What is the Cambridge Eastern Access Project?

    Cambridge Eastern Access is one of four areas identified by the GCP Executive Board as being in need of a high-quality public transport route into Cambridge. It is one of four corridor projects that aim to provide better public transport and active travel routes for walking and cycling as well as offering alternatives to car use.

    Why have you chosen Cambridge Eastern Access for a public transport route?

    The key radial route into Cambridge from the east, the A1303 Newmarket Road, suffers from significant congestion during peak times as do the arterial routes of Ditton Lane, Barnwell Road, Airport Way and Coldhams Lane. This means that people can be sitting in traffic for lengthy periods.

    Developments in the area, with 1,300 new homes under construction in the Marleigh and Land North of Cherry Hinton (LNCH) developments and the potential large scale redevelopment of Marshall’s/Cambridge Airport site, will place considerable additional pressure on the corridor.

    We plan to manage this with an improved or new public transport route to avoid congestion and help people to make quicker, more environmentally sustainable and reliable journeys into and out of Cambridge from the east by public transport, walking and cycling.

    What is the timetable for the project?

    We began talking to stakeholders last year. In July and August of this year we did our first round of engagement where we gathered feedback from the public and stakeholders.

    This consultation is an opportunity for people to give us their views on a number of options at an early stage. No decisions have been made and the feedback you give us will help us to identify which options could be taken forward for further development.

    As the study proceeds, and subject to our Executive Board’s approval there would be another public consultation that would look at more specific options in greater depth.

    Which is the current preferred route?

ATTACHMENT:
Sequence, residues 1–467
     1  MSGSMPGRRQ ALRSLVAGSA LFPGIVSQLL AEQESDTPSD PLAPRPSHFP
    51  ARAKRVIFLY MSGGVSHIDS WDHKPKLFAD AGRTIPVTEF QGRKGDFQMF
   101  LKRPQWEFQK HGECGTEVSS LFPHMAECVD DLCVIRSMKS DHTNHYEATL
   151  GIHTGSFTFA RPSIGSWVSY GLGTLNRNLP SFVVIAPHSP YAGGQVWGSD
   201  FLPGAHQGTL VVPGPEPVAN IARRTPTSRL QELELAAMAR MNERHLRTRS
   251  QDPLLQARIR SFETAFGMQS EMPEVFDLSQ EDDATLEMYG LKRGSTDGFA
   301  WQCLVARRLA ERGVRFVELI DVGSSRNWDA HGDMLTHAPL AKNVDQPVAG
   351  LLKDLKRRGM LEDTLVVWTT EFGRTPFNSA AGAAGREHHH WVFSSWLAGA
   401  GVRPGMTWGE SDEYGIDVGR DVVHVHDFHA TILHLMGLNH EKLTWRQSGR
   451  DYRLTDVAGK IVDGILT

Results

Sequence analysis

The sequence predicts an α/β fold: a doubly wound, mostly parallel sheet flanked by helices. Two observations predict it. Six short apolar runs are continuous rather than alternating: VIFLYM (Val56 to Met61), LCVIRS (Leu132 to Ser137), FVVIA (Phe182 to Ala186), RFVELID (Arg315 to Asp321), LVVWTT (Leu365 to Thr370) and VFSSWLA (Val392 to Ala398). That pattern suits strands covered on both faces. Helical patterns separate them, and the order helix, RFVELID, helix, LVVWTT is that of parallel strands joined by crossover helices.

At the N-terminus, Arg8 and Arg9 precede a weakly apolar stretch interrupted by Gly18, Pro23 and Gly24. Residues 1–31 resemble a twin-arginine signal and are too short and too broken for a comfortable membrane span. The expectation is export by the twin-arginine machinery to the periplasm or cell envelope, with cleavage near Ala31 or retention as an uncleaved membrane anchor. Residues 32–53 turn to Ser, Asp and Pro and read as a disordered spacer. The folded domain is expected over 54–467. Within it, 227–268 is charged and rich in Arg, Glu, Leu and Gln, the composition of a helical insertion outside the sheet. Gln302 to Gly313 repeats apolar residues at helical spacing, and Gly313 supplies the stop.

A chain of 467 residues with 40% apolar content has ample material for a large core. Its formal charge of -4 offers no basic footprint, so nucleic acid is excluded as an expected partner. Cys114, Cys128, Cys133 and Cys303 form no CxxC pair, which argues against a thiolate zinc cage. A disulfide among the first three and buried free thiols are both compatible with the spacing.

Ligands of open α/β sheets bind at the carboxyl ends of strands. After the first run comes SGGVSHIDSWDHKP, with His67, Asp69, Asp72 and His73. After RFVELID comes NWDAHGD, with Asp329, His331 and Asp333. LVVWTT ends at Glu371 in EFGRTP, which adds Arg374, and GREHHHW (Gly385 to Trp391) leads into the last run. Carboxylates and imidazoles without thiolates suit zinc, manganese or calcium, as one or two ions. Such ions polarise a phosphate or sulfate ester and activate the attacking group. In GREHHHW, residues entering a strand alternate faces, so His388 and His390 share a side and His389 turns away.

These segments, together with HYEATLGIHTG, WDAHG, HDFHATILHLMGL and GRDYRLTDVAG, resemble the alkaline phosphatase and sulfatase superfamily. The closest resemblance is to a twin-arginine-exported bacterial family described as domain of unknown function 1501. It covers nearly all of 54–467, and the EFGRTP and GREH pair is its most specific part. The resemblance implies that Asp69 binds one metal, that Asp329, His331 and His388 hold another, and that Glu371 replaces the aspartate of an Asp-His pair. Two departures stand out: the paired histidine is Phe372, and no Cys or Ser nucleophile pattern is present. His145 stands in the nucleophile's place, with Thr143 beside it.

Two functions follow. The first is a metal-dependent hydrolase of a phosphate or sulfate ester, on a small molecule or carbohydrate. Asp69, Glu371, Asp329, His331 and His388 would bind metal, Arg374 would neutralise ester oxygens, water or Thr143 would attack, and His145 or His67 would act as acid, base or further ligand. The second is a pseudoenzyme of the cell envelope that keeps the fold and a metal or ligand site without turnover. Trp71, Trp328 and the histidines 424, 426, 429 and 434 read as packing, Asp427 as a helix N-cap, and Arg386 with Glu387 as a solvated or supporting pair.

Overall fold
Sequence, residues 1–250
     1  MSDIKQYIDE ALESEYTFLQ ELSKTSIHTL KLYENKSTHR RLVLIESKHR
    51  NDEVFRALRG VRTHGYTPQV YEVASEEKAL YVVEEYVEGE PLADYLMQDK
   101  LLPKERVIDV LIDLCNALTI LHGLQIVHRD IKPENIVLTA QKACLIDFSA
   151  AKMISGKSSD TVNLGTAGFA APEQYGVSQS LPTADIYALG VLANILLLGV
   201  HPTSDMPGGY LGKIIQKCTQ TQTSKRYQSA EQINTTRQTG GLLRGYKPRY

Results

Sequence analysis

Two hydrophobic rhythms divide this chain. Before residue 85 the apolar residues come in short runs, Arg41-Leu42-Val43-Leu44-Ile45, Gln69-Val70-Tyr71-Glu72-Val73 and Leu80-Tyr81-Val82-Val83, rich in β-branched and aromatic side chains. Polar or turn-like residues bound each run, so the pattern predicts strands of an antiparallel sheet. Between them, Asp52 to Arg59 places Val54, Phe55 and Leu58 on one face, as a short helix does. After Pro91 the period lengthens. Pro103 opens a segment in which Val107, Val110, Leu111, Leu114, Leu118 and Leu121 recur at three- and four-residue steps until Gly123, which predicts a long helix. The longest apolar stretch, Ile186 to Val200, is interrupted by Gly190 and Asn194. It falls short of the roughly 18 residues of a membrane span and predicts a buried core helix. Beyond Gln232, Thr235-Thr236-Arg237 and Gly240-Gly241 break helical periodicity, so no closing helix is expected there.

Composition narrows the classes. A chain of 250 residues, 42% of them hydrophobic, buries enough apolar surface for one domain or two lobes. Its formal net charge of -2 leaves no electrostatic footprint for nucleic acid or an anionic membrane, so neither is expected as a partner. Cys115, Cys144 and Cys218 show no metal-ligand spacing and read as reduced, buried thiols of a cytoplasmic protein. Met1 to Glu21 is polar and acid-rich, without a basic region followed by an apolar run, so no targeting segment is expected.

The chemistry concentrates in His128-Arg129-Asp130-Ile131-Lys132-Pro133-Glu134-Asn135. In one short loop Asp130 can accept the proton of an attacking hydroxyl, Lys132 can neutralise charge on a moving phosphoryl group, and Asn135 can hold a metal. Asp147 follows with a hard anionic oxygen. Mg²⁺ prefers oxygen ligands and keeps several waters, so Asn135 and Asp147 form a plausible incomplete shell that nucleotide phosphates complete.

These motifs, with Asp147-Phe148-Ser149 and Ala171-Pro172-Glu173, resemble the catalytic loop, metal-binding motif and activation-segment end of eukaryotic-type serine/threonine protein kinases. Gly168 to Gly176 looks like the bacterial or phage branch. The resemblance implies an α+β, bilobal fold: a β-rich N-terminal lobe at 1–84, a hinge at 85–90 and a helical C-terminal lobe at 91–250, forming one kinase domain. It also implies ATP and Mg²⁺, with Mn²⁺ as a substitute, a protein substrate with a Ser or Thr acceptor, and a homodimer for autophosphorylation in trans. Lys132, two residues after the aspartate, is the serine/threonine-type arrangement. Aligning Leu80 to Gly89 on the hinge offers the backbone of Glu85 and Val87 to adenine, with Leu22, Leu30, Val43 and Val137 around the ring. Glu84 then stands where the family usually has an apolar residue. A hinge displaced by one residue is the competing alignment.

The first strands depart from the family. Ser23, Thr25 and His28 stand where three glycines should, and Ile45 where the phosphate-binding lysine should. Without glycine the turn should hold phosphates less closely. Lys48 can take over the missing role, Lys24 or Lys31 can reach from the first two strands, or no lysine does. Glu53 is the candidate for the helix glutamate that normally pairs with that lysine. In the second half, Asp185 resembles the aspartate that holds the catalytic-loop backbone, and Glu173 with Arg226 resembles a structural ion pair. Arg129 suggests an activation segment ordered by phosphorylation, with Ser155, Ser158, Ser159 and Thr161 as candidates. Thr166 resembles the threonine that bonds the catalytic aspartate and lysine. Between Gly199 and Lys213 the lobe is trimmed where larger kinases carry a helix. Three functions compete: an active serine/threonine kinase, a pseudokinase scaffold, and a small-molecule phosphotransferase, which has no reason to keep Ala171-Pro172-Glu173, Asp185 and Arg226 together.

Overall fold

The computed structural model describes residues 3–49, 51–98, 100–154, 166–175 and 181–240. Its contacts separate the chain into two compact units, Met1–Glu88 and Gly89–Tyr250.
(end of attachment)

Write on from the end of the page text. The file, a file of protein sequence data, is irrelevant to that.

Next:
We have no preference. The transport consultants working on the Cambridge Eastern Access project, WYG, have identified some ways that public transport, cycling and walking could be improved to the east of Cambridge in the short term alongside some longer term improvements. The options include a new dedicated off-road public transport route and walking and cycling proposals as well as options for improving the Cambridge to Newmarket railway line.

    The feedback we get from stakeholders, transport users and the public will be important when defining the options to take forward.

    How does this project fit with the Cambridgeshire Autonomous Metro (CAM)?

    The Cambridgeshire and Peterborough Combined Authority is planning to construct the CAM as part of its Local Transport Plan. This project, along with three other GCP public transport, cycling and walking routes around the city, will form part of the first phase of the CAM.

    Who decides whether to go ahead with the options?

    The decision over the final options and whether to proceed to construction will be made by the Greater Cambridge Partnership Executive Board. The membership of the Executive Board can be found on our website.

    There are lots of projects planned for the east of the city. How does this project fit with them?

    There is currently a lot of development work happening in and around Cambridge. We regularly talk with those organisations undertaking other developments to understand how our project fits into the bigger picture.